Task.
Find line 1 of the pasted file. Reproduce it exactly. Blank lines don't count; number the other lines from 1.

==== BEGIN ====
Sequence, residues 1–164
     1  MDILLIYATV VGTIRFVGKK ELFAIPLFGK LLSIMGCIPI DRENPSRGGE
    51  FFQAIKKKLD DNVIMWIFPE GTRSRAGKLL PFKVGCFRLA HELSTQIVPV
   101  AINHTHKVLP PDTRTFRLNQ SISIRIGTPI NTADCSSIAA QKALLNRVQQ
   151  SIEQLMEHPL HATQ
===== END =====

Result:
Sequence, residues 1–164